it for our taste and our mistaken beliefs of its necessity for
 our health. And the calves, for whom the milk was made and
 intended by nature, are starved of it!

 Male calves of buffalos and Jersey cows, in particular, are
 uniformly condemned to death since they are not useful later for
 either tilling the soil, drawing loads, or milking, and
 therefore represent only a drain on the dairyman's wealth if
 raised and looked after. Feeding milk to the male calf doesn't
 fetch any return. He becomes a kTra. Such are the shocking
 realities of our culture of ahimsa: to call the cow our gomata
 and consider her body to be the abode of 33 crore gods but to
 simultaneously feel nothing in doing her children-our foster
 siblings, the calves-to death by fighting over her milk.

 The customer puts his taste buds above everything else. The
 milkman puts his commercial interests above everything
 else. Between them, the loser is the animal, who the customer
 likes to believe is not harmed, simply because he cannot see
 blood in his milk like is visible on meat.

 The situation in India today is that there is hardly any milk
 available in the cities that can be described as obtained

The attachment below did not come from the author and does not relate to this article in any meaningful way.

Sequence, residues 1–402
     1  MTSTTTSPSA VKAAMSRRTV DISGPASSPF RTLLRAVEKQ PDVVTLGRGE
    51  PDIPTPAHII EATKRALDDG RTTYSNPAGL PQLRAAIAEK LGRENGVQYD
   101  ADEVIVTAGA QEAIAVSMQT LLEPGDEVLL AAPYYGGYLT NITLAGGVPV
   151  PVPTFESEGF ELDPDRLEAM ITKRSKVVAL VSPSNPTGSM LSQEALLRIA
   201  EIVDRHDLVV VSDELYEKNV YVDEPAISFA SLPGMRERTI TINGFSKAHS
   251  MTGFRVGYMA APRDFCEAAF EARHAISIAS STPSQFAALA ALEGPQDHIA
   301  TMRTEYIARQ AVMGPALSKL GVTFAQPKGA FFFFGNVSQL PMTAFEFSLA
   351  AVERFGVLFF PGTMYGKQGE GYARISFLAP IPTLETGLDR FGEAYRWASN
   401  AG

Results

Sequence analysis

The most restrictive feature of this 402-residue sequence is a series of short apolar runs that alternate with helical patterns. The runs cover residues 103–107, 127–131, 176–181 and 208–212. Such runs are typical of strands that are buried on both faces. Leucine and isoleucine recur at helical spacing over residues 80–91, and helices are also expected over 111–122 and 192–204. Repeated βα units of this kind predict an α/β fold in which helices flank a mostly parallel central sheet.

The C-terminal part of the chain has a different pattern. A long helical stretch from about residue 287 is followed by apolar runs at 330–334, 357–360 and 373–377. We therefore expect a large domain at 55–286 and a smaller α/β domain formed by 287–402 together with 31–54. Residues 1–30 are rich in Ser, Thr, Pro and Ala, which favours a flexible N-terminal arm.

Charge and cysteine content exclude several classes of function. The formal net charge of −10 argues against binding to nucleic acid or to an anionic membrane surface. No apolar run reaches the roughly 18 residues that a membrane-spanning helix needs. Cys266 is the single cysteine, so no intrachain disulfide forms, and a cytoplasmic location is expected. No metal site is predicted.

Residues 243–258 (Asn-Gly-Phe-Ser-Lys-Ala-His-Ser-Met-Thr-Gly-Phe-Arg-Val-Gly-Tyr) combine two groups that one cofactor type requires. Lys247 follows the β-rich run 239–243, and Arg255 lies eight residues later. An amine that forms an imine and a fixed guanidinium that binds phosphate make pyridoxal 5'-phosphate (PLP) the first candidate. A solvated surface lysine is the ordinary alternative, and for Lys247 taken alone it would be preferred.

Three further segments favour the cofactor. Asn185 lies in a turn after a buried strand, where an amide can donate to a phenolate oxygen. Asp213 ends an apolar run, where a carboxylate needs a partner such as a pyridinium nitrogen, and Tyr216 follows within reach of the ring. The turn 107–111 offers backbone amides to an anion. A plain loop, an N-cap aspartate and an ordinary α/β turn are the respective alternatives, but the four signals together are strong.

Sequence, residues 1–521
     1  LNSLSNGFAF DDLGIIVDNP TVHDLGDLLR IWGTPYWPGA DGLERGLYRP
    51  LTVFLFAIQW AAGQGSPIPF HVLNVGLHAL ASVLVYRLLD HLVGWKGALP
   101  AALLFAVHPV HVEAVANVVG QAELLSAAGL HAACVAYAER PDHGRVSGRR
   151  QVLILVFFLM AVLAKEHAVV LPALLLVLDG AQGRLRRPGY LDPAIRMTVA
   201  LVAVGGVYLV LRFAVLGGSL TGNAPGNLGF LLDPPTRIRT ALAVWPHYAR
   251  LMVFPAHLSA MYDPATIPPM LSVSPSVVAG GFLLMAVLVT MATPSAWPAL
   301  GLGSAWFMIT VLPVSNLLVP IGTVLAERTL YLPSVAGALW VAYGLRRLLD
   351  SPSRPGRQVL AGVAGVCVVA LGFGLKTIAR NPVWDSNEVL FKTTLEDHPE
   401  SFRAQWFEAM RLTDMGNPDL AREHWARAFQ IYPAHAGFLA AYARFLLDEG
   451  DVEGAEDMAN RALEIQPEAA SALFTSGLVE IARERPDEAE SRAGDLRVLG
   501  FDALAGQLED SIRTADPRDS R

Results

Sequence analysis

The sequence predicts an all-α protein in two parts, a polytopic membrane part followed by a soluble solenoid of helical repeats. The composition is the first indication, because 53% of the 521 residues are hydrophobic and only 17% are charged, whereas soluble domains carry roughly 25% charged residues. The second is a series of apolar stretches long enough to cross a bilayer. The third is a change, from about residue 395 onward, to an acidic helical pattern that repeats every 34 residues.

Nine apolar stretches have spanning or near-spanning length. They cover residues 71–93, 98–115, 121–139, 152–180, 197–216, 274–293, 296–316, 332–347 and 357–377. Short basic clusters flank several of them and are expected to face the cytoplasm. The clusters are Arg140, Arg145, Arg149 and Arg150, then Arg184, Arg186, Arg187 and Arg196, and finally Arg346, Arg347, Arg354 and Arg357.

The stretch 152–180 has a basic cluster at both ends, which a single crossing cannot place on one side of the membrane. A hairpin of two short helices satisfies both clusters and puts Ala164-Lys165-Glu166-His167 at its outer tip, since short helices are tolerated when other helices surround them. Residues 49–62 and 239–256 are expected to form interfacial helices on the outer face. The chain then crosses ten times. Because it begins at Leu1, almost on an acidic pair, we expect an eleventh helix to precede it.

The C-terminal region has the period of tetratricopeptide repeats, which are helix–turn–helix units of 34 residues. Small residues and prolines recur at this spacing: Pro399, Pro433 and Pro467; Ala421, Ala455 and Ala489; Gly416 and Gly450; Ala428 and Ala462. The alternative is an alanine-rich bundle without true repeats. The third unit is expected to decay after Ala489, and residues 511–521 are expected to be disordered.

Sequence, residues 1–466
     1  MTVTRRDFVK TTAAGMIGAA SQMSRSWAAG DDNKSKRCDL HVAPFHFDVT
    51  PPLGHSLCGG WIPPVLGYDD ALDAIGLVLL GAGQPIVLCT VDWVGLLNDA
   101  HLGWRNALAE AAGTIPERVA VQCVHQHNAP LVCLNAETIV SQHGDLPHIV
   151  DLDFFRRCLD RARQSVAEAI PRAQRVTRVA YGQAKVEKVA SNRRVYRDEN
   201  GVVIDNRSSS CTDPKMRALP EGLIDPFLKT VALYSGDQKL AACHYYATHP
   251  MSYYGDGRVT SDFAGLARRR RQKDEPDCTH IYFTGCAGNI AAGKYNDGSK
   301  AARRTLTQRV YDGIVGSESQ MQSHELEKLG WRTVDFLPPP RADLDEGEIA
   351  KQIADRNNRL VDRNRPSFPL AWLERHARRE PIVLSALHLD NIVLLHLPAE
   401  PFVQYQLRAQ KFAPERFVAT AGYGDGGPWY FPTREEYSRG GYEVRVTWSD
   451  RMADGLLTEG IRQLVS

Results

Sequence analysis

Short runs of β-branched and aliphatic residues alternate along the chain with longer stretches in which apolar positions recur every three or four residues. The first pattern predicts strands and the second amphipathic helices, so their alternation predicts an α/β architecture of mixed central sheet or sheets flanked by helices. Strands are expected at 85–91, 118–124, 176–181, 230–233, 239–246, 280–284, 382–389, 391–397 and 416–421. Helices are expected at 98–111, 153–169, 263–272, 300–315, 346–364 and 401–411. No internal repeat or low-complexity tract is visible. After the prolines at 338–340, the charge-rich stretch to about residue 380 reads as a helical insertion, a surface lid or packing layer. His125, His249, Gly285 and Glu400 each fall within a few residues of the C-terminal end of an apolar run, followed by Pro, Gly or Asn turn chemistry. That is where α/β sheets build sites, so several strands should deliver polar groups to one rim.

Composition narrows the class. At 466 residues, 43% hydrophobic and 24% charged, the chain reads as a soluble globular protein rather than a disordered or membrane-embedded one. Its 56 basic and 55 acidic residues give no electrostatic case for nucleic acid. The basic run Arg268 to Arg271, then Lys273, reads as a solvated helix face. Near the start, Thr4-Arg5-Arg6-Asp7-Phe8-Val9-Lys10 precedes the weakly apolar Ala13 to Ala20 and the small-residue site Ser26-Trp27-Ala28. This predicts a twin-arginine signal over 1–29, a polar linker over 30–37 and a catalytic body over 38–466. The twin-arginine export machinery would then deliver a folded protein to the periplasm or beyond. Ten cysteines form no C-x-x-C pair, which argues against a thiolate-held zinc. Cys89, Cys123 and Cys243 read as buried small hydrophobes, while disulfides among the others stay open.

without killing the make calf and causing deprivation to the
 spared calf.  If the animal is a cow, the offspring has a good
 chance of surviving, since the cow fortunately enjoys a special
 position in the hearts of Hindus, and farming (livestock and
 agriculture) in India is mostly done by Hindus. Therefore he
 would not usually kill the calf of a cow unless under
 life-and-death economic compulsion. Unfortunately the buffalo
 enjoys no such privilege and is invariably condemned to death.

What do you all think about this? Is it time to give up drinking
commercially produced milk? Is it not a violation of the
Vaishnava dharma to participate in such injury?

It pains me to no end to read how we torture our fellow beings.

  "ahimsA prathamam pushpam ... 
   sarva-bhUta-dayA pushpam ...
   vishnoH prItikaram bhavet"

  "Non-injury and compassion to all living creatures
   are two of the flowers which truly please Vishnu."


           - SrImate rAmAnujAya namaH -